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Sportsmanship Has Nothing to Do With Being a Boy

September 29, 2002|BILLIE JEAN KING | Billie Jean King, U.S. Fed Cup captain, is founder of the Women's Sports Foundation, an educational organization dedicated to ensuring equal access and opportunities for girls and women in sports and fitness.

There is a lot of debate going on about Title IX, the federal law that requires gender equity in sports. I just want to weigh in on one point: girls' interest in sport.

If I had a daughter, I wouldn't want anyone telling her that boys are more interested in sports than girls or assuming that she is less interested. That would be no different than believing stereotypes such as boys are more interested in math or blacks are more interested in basketball than tennis. Sports participation is as important for our daughters as it is for our sons.

Boys have never had to prove that they were interested in sports to get the opportunity to play. Why should girls have to "prove" their interest? Society just encourages and expects boys to play. Interest is a function of the opportunity to play and encouragement to take advantage of that opportunity.

Boys are not born with a "sports interest" gene. They are pushed, cajoled, expected and sometimes even embarrassed into playing, and we provide them with every opportunity to do so. A coach who sees a big boy in school makes him come out for football. Tall boys are dragged onto the basketball team. Boys who run fast are encouraged to run track.

Sports are so important that we must encourage girls in the same way. Talk about administering interest surveys to prove that boys are more interested in sports than girls and setting quotas on the number of girls who can play based on surveys is wrong thinking and a misuse of an instrument that measures attitudes, not behavior.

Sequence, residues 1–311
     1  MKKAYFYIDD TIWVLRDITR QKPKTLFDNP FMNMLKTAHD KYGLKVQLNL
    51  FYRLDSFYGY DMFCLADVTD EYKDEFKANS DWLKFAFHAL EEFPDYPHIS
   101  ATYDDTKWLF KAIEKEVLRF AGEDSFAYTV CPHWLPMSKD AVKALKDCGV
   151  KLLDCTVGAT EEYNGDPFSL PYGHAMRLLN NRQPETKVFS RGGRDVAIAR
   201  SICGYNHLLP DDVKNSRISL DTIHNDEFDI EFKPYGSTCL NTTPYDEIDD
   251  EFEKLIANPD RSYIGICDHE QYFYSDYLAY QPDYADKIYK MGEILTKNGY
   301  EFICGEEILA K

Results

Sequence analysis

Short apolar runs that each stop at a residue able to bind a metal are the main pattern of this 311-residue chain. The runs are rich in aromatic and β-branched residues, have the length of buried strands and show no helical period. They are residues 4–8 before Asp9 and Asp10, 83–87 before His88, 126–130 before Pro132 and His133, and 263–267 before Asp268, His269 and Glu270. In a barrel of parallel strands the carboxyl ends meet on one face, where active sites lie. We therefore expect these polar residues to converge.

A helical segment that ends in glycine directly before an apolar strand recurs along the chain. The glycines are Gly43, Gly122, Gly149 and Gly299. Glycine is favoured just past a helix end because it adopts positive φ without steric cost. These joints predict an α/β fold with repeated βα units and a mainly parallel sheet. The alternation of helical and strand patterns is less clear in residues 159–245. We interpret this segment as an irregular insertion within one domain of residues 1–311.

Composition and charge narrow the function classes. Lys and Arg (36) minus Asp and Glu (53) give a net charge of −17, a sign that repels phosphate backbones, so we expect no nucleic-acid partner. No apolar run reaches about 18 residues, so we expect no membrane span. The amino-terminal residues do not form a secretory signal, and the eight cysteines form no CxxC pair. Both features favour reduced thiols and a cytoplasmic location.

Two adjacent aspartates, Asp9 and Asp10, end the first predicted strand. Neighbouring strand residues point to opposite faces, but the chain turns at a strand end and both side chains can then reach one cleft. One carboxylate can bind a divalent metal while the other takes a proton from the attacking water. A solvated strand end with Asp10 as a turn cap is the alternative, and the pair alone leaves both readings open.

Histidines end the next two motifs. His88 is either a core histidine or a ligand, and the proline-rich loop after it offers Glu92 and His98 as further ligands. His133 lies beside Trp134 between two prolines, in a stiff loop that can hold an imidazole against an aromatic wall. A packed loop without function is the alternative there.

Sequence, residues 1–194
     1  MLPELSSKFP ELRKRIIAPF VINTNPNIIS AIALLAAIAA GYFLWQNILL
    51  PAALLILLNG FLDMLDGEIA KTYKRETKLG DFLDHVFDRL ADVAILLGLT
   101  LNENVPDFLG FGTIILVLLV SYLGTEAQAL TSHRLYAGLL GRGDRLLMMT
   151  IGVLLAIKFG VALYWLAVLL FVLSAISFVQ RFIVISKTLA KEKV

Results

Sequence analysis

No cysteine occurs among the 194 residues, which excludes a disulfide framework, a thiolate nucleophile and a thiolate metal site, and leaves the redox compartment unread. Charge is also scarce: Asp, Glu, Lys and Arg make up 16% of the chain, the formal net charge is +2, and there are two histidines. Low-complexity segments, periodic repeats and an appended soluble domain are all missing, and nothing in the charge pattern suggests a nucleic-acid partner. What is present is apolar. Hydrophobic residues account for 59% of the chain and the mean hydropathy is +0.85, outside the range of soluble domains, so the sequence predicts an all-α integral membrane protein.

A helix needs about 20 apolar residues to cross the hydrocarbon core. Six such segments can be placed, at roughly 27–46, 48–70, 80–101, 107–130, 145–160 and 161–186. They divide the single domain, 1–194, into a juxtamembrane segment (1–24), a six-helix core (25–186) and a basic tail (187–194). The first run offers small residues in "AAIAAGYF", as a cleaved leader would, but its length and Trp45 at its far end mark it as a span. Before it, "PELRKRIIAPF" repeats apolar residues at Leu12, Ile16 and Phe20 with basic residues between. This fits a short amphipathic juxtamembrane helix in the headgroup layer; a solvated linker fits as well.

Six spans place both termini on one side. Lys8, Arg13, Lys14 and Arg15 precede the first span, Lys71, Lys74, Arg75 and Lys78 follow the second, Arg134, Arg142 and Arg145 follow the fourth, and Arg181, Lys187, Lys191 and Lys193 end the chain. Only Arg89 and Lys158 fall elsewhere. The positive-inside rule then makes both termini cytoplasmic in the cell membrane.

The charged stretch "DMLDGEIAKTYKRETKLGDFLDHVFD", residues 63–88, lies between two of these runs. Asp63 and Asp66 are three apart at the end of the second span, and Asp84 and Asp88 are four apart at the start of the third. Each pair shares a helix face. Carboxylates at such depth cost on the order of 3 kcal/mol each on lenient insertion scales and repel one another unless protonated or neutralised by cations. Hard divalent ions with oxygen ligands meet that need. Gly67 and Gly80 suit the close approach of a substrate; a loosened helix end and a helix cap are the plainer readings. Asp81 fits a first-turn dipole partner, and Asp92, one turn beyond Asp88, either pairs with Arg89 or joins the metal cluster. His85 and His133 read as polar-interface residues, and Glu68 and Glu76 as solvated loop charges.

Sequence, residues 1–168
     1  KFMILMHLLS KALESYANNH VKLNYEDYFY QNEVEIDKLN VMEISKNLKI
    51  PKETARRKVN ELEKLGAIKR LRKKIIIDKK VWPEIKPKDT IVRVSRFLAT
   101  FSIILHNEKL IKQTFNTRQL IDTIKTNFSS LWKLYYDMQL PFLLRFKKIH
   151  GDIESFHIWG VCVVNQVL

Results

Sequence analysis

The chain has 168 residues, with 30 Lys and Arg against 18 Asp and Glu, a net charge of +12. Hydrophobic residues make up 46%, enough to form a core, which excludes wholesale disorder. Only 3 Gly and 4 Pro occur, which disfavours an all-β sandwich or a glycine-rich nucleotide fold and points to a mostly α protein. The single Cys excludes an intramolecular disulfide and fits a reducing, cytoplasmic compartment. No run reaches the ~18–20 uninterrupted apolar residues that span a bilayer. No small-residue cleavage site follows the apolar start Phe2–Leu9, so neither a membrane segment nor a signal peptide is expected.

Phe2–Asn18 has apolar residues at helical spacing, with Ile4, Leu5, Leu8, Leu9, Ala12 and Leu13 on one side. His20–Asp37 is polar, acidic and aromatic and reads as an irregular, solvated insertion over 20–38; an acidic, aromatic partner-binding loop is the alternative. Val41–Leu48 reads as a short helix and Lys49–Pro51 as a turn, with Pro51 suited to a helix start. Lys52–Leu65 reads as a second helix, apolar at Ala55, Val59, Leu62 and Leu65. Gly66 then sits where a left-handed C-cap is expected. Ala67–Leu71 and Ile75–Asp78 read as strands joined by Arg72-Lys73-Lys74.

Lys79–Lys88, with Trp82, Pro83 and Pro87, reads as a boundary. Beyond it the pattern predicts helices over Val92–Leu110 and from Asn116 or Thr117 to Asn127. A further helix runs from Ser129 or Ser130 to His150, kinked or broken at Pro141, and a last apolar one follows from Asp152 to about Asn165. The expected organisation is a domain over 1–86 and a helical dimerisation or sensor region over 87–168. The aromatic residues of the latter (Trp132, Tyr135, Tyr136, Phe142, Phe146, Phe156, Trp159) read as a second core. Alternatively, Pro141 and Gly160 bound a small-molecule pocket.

I dare any school to invite Serena Williams, Cynthia Cooper or Julie Foudy to speak to the girls in that school and then administer an interest survey. Williams would tell them how much fun it is to play sports. Cooper would say that there is a sport out there in which every girl can succeed. Foudy would tell them playing is important for their confidence, health and success in life after sports. Most girls would want to play after that kind of encouragement.

So why are teachers and coaches not doing this? Why aren't our educational leaders encouraging girls to play sports?

This is not and cannot be a "male versus female" issue. Boys and girls should play sports, and they should be treated equally.

Boys and girls should grow up respecting the rights and abilities of each other in sports and in life.

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